Each summer hundreds of ships cruise around the northern European sea, with
many continuing to dump so-called black water despite an industry pledge to
clean up its act, and despite access to proper disposal services.
“There’s no real law telling them that they can’t do that. The legislation is missing,” WWF marine expert Vanessa Kloetzer told AFP.
The European Cruise Council (ECC) pledged in May last year that cruise ships would stop dumping sewage if Baltic port cities provided adequate disposal services for no additional charge.
The WWF says that Helsinki and Stockholm meet these requirements, even though Kloetzer said there may still be some issues to address in Helsinki.
“In 2010, a total of 240 ships visited Stockholm, and of these only 115 used the port’s services and some of the 115 ships only removed a small amount of waste water,” WWF said in a press release.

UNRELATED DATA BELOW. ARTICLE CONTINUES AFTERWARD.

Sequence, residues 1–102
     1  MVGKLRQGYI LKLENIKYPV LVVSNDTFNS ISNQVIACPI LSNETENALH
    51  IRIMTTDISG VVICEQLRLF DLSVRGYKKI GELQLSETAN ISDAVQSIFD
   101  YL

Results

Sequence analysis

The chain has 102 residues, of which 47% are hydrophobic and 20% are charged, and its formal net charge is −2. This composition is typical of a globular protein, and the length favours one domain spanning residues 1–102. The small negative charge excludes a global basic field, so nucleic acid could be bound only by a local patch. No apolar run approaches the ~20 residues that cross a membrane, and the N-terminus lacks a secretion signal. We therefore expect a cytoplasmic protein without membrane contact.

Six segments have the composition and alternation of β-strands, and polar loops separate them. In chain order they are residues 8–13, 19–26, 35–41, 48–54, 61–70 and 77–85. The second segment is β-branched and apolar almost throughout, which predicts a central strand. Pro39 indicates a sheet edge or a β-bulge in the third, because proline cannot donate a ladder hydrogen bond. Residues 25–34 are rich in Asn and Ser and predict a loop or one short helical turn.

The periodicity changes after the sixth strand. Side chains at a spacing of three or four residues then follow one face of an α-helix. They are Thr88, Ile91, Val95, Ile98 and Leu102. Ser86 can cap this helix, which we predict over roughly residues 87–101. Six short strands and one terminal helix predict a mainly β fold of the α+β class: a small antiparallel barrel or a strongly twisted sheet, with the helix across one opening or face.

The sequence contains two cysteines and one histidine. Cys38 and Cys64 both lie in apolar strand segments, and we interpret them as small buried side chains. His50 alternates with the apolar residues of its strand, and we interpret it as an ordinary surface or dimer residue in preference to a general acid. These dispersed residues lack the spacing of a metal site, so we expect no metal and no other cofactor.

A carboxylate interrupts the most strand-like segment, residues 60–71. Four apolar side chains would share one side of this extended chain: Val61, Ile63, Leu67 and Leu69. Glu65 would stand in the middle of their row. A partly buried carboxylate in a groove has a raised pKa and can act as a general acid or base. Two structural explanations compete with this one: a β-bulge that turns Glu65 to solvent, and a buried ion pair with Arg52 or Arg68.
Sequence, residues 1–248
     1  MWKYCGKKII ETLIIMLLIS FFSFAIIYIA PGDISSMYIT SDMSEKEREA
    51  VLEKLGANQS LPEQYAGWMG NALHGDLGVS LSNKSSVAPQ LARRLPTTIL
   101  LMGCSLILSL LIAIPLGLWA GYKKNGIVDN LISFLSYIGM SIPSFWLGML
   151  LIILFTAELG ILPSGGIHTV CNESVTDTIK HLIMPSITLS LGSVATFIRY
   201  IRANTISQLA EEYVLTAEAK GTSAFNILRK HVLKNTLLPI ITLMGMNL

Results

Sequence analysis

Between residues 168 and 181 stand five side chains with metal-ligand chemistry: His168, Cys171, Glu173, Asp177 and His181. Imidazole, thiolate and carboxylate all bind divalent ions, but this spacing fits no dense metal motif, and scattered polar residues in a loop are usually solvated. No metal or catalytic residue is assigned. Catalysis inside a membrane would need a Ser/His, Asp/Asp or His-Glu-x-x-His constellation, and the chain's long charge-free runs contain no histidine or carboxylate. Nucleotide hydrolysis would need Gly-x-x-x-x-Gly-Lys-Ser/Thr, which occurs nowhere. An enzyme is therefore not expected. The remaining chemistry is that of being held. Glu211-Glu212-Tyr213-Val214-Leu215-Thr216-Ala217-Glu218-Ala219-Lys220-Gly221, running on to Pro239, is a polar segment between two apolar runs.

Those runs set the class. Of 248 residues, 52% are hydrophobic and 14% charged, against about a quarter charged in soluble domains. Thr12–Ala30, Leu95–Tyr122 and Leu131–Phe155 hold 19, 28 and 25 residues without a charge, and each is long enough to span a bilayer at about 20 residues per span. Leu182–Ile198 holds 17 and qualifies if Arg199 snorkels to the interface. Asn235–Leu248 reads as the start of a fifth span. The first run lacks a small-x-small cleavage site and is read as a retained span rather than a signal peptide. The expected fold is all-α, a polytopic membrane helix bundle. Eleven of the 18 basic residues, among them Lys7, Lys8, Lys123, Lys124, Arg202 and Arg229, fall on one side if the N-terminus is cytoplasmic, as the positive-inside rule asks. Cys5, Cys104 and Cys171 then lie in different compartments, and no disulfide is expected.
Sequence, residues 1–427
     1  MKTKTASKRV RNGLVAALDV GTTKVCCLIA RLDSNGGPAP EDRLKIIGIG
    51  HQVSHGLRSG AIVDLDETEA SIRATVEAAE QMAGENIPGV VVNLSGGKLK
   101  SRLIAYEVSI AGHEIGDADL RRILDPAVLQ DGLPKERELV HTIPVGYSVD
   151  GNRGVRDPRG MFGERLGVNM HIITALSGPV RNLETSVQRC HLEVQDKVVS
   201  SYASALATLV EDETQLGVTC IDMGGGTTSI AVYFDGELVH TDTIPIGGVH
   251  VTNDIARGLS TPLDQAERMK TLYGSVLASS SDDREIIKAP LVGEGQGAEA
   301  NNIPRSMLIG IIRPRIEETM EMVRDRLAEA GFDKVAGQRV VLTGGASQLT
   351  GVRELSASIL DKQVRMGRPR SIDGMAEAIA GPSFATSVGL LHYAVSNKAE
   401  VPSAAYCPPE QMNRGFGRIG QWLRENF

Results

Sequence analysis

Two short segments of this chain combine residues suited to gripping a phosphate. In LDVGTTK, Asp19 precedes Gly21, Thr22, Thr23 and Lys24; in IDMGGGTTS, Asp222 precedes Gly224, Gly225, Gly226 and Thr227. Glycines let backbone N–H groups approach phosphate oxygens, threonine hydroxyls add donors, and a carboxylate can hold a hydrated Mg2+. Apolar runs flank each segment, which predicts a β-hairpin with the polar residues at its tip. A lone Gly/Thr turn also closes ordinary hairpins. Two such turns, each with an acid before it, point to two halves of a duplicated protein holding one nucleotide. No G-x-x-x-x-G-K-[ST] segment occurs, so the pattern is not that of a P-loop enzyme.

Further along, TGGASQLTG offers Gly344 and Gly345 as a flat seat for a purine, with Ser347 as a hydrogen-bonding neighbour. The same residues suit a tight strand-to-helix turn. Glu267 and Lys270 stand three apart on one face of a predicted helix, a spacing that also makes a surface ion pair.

The WWF also quotes data from Helsinki’s main port which shows that only 66 percent of ships used the port’s free waste disposal service.
Kloetzer said ships may opt not to take advantage of the free service because it’s simply faster to dump waste into the sea.
“All of our members have made a commitment to voluntarily discharge black water ashore where there are proper facilities,” said the ECC’s environmental spokesman Robert Ashdown.
“It’s more likely the case that the ships that aren’t using the services aren’t ECC members, or they have facilities to store waste until they reach another port,” he said.
The WWF calculates that around 350 cruise ships ply the Baltic in the summer, resulting in 18 tonnes of phosphorous and 74 tonnes of nitrogen polluting the water via sewage.
“This is a small percentage of total pollution in the Baltic, but it can have a localised effect by increasing algae bloom and it can contain harmful bacteria,” Kloetzer said.